High level representatives from over 40 nations, the World Bank and the United Nations gathered at London’s Lancaster House on Feb. 23 for an international conference concerning the situation in Somalia. The list of conferees included U.S. Secretary of State Hillary Clinton, UK Prime Minister David Cameron, French Foreign Minister Alain Juppe and Secretary- General of the United Nations Ban Ki-Moon.
At the end of the conference, the leaders assembled agreed that security in Somalia was to be a major focus. Conference attendees pledged support for measures to enhance what Secretary-General Ban called an internationally coordinated approach to fight terrorism and piracy and to bring political stability to Somalia.
But some say the conference was a forum for the West’s plans to satisfy its growing appetite for military intervention in oil and mineral-rich Somalia.
The Global Policy Forum, a New York-based UN watchdog organization, published a 14-page online report about Somalia which said new interest in the country revolves around “mineral reserves of iron ore, uranium, copper—deposits of natural gas and an estimated 5-10 billion barrels of crude petroleum reserves—estimated worth $500 billion.”
The GPF report acknowledged continuing calls for more force to bring stability to Somalia, but argued such militarized approaches have not ever solved the nation’s problems.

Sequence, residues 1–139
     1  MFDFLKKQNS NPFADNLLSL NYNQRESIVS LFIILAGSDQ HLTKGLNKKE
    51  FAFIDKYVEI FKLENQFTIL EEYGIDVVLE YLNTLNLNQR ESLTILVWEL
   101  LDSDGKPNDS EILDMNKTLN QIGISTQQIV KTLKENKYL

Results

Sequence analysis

Bill Fletcher Jr. argues the West isn’t concerned with political instability in Somalia. “I don’t think that the West has been concerned that Somalia has been without a central government for the past 20 years,” he told The Final Call.
“It is the terror threat the West fears the most,” he said. “The U.S. has made the situation worse since the administration of the second President Bush. Their efforts to end terrorism in Somalia have succeeded in maximizing the terror threat.”
He offered the example of the Union of Islamic Courts which spearheaded a movement to improve the life of Somalis on the ground beginning in 2006 only to encounter a U.S.-sponsored air and ground attack by the Ethiopian army through 2009. The Islamic Courts was not a terrorist organization but U.S. used Ethiopia as a surrogate force against them, causing everything to spiral out of control and giving birth to Al-Shabaab, Mr. Fletcher noted. Al Shabaab has been labeled a terrorist group by the State Dept. and has been accused of links to Al-Qaeda.
“The West is merely trying to continue to control the resources on the African continent, so what is happening with Somalia is no different than what is happening in the Democratic Republic of the Congo with regards to stealing the resources,” Omawale Sowere, publisher of The Sahara Report said.
The West hid its real intentions behind international politics, UN resolutions, and the need for a humanitarian intervention, he said.
On Feb. 22, former colonial power Great Britain, which held portions of Somali territory during the 19th and 20th centuries, sponsored a UN Security Council resolution which passed unanimously and called on the African Union Mission to Somalia to increase its peacekeeping force from 12,000 troops to 17,731. AMISOM has been in place since 2007.